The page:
Can a New Bacteriocin Thwart Antibiotic Resistance?

November 22, 2023
Can a New Bacteriocin Thwart Antibiotic Resistance image

Romsacin, which is found in a very common skin bacterium, may inhibit the growth of antibiotic-resistant bacteria.

A new bacteriocin in a very common skin bacterium may inhibit the growth of antibiotic-resistant bacteria, new research suggests.

The research group for child and youth health at UiT The Arctic University of Norway has studied bacteriocins that the bacteria themselves produce to inhibit the growth of competitors.  Through the work, they have discovered a new bacteriocin, in a very common skin bacterium. Bacteriocin inhibits the growth of antibiotic-resistant bacteria that can be difficult to treat with common antibiotics.

The researchers have called the new bacteriocin Romsacin, after the Sami name for Tromsø, Romsa. The hope is that Romsacin can be developed into a new medicine for infections for which there is currently no effective treatment.

Runa Wolden at the Department of Clinical Medicine at UiT emphasizes that there is a long way to go before it is known whether Romsacin will be developed and taken into use as a new medicine. 

"This discovery is the result of something we have been researching for several years. Developing Romsacin - or other promising substances - into new antibiotics is very expensive and can take 10-20 years", says Wolden, who is part of the The research group for child and youth health, in a news release.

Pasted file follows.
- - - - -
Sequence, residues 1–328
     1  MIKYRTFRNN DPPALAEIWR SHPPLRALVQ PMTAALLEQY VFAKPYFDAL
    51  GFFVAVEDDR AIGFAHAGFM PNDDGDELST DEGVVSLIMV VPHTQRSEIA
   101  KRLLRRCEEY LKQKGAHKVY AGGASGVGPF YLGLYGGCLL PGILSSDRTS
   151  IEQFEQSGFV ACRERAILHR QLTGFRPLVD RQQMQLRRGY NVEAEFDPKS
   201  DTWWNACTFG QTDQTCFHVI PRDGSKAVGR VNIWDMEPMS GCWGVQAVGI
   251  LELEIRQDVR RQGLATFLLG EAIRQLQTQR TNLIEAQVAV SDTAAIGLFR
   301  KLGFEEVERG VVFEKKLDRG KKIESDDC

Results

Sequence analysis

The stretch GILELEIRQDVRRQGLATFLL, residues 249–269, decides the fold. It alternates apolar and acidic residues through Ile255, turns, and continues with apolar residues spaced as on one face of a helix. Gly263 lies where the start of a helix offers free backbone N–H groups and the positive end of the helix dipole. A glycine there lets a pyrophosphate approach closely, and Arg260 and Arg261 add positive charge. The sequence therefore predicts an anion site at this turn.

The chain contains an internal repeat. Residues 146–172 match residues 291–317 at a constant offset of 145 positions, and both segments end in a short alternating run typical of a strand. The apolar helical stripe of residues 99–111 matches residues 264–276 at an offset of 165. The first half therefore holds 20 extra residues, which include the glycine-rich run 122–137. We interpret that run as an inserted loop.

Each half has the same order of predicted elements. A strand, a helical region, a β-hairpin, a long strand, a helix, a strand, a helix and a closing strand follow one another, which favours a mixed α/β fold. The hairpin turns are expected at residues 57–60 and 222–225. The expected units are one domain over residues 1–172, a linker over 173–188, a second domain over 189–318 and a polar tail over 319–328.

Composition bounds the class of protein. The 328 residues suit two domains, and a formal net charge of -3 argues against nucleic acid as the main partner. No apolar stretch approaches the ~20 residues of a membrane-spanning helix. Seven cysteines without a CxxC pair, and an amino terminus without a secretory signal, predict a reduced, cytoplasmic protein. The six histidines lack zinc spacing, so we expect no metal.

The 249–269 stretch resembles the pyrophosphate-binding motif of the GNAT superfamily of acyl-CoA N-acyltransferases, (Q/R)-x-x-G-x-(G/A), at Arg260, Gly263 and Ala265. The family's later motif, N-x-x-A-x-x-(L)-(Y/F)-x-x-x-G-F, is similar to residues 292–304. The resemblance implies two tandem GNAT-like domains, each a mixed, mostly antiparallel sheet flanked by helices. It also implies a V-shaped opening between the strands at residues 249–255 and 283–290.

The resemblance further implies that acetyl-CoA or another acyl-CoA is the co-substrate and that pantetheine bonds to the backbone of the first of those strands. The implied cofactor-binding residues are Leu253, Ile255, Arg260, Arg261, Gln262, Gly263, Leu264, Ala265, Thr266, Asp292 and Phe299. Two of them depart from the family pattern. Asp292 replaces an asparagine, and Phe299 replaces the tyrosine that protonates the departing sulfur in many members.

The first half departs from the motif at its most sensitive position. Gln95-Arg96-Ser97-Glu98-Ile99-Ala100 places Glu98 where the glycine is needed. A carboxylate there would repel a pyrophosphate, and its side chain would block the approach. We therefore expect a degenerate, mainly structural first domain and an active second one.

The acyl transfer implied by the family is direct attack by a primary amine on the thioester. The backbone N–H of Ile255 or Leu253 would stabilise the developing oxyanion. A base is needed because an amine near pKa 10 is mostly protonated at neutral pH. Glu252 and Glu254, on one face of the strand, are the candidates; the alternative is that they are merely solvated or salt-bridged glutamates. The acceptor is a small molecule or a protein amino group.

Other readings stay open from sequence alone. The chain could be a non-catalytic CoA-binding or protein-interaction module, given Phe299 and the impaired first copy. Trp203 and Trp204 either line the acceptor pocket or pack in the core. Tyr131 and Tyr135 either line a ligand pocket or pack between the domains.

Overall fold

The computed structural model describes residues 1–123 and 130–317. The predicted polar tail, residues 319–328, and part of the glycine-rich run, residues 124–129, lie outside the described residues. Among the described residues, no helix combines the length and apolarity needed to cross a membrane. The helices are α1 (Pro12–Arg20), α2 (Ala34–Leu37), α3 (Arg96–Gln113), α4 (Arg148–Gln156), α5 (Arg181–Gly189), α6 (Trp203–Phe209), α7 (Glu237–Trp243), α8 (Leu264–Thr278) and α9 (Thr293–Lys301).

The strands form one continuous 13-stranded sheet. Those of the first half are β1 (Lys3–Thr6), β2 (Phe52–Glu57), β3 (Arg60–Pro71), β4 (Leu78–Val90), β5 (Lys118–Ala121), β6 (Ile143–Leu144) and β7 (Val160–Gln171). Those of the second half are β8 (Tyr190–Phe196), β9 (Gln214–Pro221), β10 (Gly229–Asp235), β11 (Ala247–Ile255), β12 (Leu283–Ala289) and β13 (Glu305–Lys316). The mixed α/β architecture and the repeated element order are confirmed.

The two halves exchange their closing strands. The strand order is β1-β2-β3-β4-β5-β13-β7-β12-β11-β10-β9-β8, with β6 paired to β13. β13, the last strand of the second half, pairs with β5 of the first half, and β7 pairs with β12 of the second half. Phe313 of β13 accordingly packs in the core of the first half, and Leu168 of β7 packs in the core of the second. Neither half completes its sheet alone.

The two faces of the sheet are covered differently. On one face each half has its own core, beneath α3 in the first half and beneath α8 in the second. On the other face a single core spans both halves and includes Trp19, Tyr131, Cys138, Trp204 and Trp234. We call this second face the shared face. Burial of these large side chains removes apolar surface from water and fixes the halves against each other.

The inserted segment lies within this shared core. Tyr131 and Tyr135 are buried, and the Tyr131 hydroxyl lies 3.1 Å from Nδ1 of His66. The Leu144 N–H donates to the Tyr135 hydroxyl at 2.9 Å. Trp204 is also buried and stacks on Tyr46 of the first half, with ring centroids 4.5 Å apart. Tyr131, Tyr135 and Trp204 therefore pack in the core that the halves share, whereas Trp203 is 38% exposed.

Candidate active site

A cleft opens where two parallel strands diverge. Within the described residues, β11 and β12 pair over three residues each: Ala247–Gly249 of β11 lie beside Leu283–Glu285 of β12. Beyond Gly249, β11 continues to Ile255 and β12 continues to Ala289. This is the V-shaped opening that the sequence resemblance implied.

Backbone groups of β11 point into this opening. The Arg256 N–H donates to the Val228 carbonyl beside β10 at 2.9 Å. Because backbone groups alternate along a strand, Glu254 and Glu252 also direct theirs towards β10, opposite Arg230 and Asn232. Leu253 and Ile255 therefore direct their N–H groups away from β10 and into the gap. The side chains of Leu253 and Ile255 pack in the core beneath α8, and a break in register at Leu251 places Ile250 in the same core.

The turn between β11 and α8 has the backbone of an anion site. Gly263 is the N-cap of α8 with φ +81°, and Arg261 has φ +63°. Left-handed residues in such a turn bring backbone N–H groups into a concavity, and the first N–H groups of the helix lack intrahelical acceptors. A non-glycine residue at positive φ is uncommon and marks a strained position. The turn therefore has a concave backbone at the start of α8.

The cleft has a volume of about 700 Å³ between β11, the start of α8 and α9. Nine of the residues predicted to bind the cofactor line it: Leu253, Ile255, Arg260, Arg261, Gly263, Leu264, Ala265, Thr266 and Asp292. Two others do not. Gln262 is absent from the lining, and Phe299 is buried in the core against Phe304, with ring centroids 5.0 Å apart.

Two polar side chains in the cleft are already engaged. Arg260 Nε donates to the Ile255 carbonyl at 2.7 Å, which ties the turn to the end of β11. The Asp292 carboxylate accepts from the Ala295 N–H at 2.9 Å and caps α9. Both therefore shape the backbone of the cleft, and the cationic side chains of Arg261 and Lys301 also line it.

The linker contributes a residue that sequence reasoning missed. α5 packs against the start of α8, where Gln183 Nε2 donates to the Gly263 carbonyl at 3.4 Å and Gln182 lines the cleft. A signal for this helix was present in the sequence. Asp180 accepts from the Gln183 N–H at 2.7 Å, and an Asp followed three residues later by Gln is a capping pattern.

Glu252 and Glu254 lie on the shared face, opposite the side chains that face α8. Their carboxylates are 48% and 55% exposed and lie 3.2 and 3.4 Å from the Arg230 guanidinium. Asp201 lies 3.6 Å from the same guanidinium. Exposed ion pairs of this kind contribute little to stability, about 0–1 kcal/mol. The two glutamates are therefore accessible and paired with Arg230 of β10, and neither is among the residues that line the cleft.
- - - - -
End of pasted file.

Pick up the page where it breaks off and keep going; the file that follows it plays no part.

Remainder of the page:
. Currently, researchers do not know how the bacteriocin works in humans. A further process will involve comprehensive testing, bureaucracy and marketing.

"This naturally means that there is a long way to go before we can say anything for sure. What we already know, however, is that this is a new bacteriocin, and that it works against some types of bacteria that are resistant to antibiotics. It's exciting", says Wolden.

The new bacteriocin is produced by a bacterium called Staphylococcus haemolyticus. The bacteriocin is not produced by all S. haemolyticus, but by one of the 174 isolates that the researchers have available in the freezer.

"We couldn't know that before we started the project, and that's one of the things that makes research fun", says Wolden.

She says that ten years ago the researchers collected bacterial samples from healthy people when they wanted to compare S. haemolyticus in healthy people with those found in patients in hospital.

"Subsequently, we have done many experiments with these bacteria, and this is the result from one of our projects", says Wolden.

PHOTO CAPTION: Runa Wolden in the lab at UiT. 

PHOTO CREDIT: Jørn Berger-Nyvoll/UiT

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